Skin cancer surgery involves removing the tumour and then reconstructing it. Depending on the size and location of the tumour the skin can either be pulled together and closed. If the skin cancer is larger and depending on the location, you might need a skin flap or graft.
A flap is tissue that is moved from an adjacent area to close the defect. Bleeding will be carefully controlled before thee wound is closed in layers. The internal layer of sutures is dissolvable whilst the outside layer is closed with non-dissolvable sutures. These will be removed a few days after the procedure. The wound is then covered with tape.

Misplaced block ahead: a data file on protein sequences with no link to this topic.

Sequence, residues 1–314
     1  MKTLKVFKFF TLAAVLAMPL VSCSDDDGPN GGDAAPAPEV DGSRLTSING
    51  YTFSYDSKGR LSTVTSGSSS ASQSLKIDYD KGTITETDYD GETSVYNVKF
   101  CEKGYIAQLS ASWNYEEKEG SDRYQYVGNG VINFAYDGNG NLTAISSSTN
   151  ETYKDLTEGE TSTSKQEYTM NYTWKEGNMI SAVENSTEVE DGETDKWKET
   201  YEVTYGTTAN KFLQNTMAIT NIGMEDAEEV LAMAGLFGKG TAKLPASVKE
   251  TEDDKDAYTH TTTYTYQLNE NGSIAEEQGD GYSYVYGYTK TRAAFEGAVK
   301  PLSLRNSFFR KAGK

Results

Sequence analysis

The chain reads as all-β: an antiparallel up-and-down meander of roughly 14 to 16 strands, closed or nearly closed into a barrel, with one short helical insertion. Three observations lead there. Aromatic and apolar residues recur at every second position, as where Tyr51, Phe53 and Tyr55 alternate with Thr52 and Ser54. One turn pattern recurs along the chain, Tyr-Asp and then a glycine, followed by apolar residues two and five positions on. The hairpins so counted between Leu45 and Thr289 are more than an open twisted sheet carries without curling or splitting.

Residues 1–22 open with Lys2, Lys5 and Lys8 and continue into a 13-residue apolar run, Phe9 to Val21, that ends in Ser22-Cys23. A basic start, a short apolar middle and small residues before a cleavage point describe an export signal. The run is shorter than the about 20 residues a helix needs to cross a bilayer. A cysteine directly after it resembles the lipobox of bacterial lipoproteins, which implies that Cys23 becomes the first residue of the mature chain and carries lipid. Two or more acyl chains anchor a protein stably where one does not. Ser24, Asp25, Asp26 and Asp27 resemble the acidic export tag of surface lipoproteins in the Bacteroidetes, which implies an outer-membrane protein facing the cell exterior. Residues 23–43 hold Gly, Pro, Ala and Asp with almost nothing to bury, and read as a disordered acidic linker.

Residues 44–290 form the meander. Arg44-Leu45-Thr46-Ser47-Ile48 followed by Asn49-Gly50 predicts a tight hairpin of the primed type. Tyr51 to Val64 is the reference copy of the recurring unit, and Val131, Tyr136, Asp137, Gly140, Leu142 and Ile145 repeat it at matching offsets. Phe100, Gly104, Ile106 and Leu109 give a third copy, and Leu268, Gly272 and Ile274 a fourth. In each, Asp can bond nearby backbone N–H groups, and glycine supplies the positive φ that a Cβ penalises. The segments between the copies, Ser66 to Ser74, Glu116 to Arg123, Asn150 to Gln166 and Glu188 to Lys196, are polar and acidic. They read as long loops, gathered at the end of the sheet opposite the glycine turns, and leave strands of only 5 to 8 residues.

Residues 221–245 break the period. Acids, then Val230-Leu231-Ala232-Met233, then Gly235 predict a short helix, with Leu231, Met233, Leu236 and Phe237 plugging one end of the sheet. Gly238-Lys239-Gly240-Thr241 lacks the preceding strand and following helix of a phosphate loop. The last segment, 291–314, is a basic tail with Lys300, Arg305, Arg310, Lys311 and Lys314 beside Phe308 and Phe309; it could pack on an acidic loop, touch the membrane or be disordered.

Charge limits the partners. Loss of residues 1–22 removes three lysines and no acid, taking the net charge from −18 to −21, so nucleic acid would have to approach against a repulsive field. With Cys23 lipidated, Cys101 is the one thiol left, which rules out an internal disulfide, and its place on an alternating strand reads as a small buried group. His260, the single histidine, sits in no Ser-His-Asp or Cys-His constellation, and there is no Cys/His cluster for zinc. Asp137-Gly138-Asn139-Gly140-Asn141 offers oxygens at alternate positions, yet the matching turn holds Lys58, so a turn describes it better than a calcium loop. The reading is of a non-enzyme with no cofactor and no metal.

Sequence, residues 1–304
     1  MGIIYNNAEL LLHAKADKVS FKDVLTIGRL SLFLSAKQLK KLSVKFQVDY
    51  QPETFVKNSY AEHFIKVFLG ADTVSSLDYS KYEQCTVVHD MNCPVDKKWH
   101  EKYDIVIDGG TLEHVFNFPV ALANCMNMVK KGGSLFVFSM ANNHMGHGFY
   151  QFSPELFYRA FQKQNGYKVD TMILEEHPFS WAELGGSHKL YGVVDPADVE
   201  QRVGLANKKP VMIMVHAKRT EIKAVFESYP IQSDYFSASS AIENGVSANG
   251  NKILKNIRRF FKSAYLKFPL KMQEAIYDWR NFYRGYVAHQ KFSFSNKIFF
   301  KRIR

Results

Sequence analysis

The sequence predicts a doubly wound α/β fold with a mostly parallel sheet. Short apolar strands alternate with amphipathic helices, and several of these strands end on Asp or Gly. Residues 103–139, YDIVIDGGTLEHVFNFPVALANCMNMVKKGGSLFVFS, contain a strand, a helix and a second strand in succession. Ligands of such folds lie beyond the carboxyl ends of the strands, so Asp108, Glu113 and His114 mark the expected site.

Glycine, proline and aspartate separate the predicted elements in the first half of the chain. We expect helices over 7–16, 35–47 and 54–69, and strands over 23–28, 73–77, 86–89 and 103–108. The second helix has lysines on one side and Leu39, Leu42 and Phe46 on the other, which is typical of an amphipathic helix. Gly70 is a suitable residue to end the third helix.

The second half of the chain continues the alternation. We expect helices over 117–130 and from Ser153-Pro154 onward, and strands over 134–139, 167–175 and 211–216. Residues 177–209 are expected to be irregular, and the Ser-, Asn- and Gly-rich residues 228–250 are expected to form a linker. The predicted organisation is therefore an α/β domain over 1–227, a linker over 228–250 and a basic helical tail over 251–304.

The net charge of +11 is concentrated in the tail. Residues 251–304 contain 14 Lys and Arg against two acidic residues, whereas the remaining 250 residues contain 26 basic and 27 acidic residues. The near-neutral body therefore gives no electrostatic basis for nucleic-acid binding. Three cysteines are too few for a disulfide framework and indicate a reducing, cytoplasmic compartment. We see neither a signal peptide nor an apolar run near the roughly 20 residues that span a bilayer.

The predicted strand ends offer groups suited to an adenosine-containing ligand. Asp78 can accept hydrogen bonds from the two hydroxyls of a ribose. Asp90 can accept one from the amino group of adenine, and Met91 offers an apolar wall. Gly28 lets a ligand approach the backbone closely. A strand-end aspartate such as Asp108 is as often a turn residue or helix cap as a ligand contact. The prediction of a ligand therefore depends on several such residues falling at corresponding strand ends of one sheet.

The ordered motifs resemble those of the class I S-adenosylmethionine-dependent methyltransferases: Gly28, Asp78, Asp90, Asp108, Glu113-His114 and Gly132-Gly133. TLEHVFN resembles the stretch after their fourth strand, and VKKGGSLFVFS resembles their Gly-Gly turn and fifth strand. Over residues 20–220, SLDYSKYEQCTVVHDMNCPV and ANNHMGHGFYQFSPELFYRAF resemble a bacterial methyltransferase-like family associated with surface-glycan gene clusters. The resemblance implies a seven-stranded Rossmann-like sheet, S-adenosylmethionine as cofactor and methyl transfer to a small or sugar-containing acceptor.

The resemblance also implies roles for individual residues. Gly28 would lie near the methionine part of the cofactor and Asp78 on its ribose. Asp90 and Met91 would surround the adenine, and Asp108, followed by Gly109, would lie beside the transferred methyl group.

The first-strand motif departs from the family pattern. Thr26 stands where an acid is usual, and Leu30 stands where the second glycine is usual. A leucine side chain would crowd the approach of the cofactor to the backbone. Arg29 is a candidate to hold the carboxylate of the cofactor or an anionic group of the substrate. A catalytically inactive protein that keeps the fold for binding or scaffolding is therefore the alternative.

A graft is skin and sometimes cartilage that is disconnected from its blood supply and moved to a different location. It survives by in growth of blood supply from the recipient bed. Grafts need to be kept dry for 1-2 weeks depending on the location of the graft.
All scars need to be protected from the sun for about one year after surgery to prevent them getting darker. This can be with taping, sunscreen or barrier clothing as necessary.